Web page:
Ventilation of wide spaces often requires a correct mixing of a jet in a cross flow. The present paper describes the application of Computational Fluid Dynamics (CFD) to model the interaction of a free stream jet with a cross flow, taking into account temperature gradients between the two streams. The model uses the finite volume technique for solving the conservation equations of fluid: mass, momentum and energy. Buoyancy is described by the Boussinesq approximation. The convergence of the solution required a high mesh refinement in the region of flow interaction.
The data were compared with experimental results obtained in a subsonic wind tunnel. The experiments were carried out along the 4.0 m long test section of a 1.4×0.8 low speed wind tunnel. The jets were injected at 90° through orifices 25 mm in diameter drawn from a plenum either at the same or higher temperature the free stream. The jet velocity to the free stream velocity ratio was set at 8 for a single jet and between 4 and 16 for multiple injections. Data include velocity, pressure and temperature.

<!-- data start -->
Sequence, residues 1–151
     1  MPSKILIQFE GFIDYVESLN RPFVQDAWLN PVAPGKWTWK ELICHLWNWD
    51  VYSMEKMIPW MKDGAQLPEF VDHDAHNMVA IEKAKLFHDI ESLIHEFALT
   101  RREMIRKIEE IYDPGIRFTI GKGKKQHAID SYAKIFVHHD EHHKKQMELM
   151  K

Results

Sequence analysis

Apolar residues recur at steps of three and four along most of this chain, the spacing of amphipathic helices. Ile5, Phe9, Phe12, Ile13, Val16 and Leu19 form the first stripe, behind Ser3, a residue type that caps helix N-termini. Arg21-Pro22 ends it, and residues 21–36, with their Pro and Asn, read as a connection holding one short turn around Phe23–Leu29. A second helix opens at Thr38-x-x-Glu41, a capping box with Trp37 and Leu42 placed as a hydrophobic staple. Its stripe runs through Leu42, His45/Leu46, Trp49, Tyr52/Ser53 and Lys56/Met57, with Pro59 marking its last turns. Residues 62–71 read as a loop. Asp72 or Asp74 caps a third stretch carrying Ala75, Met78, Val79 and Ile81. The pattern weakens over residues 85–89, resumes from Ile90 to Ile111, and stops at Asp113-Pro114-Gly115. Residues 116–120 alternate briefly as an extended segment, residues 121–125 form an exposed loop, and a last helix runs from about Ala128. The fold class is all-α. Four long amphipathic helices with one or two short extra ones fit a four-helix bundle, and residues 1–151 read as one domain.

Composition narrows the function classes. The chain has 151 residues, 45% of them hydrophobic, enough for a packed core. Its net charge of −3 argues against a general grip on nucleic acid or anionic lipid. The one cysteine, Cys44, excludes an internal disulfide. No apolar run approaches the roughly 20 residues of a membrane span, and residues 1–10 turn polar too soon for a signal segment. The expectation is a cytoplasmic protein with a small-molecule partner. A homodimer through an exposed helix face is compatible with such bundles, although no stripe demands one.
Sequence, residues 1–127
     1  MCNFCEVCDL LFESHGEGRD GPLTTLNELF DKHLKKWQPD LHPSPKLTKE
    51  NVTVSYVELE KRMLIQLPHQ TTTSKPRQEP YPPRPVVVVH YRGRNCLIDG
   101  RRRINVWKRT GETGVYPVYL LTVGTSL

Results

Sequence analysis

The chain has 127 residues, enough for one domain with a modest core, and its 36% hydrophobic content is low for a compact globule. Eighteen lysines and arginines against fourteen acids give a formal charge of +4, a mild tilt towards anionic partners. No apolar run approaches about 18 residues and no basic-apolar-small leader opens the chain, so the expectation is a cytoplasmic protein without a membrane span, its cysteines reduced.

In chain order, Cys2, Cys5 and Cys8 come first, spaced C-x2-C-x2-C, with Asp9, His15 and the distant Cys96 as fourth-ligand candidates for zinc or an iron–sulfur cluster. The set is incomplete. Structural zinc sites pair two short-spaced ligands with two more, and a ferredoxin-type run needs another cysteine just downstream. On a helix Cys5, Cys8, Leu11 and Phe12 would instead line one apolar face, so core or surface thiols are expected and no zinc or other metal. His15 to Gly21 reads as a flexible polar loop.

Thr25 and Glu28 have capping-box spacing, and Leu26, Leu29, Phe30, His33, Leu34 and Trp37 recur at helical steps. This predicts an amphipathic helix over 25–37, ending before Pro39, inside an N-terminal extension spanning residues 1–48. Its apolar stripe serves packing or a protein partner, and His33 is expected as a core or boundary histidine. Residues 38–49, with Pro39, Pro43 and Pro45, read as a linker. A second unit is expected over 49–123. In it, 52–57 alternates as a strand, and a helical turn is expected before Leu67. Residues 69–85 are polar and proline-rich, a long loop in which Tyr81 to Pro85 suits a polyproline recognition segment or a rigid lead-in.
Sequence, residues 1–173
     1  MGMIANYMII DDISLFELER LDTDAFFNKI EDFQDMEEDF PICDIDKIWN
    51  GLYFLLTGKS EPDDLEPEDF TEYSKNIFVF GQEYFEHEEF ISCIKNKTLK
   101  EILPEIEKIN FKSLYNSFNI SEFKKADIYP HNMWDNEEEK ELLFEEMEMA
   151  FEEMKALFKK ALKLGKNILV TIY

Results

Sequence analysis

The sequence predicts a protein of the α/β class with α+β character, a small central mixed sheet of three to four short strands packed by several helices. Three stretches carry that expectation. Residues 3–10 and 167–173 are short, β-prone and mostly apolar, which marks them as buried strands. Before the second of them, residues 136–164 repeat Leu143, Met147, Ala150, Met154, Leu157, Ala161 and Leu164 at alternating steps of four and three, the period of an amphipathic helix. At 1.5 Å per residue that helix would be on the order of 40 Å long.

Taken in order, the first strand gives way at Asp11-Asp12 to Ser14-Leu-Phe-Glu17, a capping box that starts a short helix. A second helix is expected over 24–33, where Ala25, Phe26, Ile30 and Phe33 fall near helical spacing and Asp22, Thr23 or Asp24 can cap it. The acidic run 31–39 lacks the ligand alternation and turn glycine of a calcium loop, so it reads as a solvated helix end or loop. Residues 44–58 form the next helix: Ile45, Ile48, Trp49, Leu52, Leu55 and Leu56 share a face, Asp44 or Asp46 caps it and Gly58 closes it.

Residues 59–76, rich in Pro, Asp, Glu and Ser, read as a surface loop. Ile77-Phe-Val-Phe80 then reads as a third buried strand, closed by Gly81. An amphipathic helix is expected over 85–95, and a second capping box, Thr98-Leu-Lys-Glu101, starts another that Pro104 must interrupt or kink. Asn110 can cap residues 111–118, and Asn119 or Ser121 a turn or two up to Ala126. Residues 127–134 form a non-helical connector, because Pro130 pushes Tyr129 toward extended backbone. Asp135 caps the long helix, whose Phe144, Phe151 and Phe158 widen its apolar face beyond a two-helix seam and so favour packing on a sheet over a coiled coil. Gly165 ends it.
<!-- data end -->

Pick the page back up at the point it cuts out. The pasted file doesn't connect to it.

The results show that the injection of relatively small cross-flow rates can cause the development of large regions of interaction with the main flux, accompanied by the creation of large scale flow structures, which contribute effectively to rapid mixing of the two streams.
A CFD simulation of temperature showed that a jet 30 diameters downstream (30D) is an extension of the plume covering almost half of the cross section and a good homogeneity, then the extension of the plume 120D which covers almost the entire cross section and an optimum mixing occurs.
The CFD simulation temperature of 13 jets showed that a toroidal extension of the plume and a good homogenization as early as 30D downstream of the injection point, occurs.